jeweler/generator.rb:      development_dependencies << ["rcov", ">= 0"]
        jeweler/templates/other_tasks.erb:RSpec::Core::RakeTask.new(:rcov) do |spec|
        jeweler/templates/other_tasks.erb:  spec.rcov = true
        jeweler/templates/other_tasks.erb:Micronaut::RakeTask.new(:rcov) do |examples|
        jeweler/templates/other_tasks.erb:  examples.rcov_opts = '-Ilib -I<%= test_dir %>'
        jeweler/templates/other_tasks.erb:  examples.rcov = true
        jeweler/templates/other_tasks.erb:require 'rcov/rcovtask'
        jeweler/templates/other_tasks.erb:  <%= test_task %>.rcov_opts << '--exclude "gems/*"'

The first step is to remove the rcov entry from development_dependencies. This can be done by adding a line in Biogems lib/bio-gem/mod/jeweler.rb. Change it to

        class Jeweler
          class Generator 
            alias original_initialize initialize
            def initialize(options = {})
              original_initialize(options)
              development_dependencies << ["bio", ">= 1.4.2"]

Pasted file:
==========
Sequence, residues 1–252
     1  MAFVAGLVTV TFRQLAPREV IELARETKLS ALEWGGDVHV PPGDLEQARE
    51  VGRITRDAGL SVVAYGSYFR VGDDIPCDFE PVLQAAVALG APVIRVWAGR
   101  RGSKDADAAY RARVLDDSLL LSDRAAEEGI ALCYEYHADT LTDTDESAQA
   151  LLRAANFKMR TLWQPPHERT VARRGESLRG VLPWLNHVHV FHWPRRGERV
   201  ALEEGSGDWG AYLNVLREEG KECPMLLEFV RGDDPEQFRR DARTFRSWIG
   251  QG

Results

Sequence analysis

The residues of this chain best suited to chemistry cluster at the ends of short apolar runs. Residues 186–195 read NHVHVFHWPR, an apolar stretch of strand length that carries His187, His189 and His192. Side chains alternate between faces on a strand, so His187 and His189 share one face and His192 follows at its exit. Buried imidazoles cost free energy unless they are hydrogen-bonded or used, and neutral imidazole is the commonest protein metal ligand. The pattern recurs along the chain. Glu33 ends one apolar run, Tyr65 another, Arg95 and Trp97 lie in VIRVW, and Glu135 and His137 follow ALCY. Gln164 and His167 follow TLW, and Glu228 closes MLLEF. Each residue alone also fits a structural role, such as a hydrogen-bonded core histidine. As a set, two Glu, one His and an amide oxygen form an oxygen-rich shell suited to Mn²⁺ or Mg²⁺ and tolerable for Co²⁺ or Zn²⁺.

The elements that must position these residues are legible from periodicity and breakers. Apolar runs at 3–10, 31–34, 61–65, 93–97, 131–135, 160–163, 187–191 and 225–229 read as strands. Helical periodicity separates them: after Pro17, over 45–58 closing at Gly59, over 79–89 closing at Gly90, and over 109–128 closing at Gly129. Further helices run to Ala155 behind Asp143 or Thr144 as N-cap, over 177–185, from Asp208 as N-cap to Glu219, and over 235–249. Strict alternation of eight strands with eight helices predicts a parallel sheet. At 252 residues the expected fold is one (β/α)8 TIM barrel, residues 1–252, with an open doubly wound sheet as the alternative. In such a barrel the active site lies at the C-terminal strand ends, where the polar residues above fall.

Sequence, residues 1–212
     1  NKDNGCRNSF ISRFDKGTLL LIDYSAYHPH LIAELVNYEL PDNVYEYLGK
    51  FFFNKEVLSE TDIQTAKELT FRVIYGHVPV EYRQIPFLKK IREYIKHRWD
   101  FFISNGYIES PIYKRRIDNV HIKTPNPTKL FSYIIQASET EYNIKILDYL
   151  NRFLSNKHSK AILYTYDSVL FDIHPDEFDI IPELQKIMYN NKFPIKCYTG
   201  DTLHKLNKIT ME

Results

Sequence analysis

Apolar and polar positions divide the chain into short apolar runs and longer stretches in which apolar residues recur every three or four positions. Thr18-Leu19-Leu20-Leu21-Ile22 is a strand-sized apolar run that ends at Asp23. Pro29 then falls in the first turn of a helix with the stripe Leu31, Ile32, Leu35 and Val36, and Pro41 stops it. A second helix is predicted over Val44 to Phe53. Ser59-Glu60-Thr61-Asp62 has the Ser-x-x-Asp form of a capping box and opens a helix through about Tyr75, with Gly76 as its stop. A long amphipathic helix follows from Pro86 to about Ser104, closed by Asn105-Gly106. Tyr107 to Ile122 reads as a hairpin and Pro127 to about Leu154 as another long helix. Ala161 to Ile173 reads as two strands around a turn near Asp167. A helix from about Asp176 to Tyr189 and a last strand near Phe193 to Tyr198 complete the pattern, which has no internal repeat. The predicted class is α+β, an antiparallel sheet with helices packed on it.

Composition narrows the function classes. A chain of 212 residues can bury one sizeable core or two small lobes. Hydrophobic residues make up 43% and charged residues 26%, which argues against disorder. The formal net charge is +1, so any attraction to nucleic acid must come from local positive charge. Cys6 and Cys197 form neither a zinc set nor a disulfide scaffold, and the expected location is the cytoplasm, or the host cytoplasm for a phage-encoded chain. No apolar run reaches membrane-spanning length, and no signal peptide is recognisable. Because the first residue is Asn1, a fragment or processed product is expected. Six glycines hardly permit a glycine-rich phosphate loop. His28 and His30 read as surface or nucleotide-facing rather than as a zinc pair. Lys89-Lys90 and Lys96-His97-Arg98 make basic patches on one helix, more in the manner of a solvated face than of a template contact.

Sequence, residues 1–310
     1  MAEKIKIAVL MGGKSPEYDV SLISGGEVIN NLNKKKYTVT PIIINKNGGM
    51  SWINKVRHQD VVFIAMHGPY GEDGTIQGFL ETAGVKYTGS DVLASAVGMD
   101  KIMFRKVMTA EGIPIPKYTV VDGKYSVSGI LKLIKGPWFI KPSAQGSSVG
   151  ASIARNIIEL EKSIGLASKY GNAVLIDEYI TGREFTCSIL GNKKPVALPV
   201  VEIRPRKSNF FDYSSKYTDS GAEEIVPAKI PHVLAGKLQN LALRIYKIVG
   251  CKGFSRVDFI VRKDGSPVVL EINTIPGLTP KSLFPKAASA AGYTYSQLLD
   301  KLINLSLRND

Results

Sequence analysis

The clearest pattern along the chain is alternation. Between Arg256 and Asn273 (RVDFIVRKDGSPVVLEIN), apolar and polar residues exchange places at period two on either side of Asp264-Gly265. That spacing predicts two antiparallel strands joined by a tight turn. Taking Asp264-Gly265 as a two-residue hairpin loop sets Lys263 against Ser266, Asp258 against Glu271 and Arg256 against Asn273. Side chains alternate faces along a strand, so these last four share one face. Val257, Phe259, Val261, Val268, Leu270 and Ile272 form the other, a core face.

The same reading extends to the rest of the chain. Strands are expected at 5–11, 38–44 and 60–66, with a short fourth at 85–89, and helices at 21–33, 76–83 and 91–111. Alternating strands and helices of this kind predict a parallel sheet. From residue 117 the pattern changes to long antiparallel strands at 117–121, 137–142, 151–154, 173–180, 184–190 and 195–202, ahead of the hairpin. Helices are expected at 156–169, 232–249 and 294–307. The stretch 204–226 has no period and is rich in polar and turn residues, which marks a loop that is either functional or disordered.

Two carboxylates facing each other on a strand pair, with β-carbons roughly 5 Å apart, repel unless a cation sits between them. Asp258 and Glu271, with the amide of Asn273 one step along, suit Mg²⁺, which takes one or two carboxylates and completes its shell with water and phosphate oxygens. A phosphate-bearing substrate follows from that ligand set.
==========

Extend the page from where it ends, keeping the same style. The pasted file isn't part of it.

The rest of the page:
development_dependencies.delete_if { |k,v| k == "rcov" }
              (...) 

You can see here that BioRuby support is always added. The next step is to change the behaviour of jeweler/templates/other_tasks.erb. The code to generate the Rakefile lists is

        <% case testing_framework %>
        <% when :rspec %>
          (...)
        <% when :micronaut %>
          (...)
        <% else %>
        require 'rcov/rcovtask'
        Rcov::RcovTask.new do |<%= test_task %>|
          (...)
        end
        <% end %>

and, annoyingly, shows that rcov is always added by default (in the final 'else'). We should communicate with the author of Jeweler to fix this. However, we also have the option to override the Rakefile generator. The jeweler Rakefile template has the form

        require 'rubygems'
        <%= render_template 'bundler_setup.erb' %>
        require 'rake'
        <%= render_template 'jeweler_tasks.erb' %>
        <%= render_template 'other_tasks.erb' %>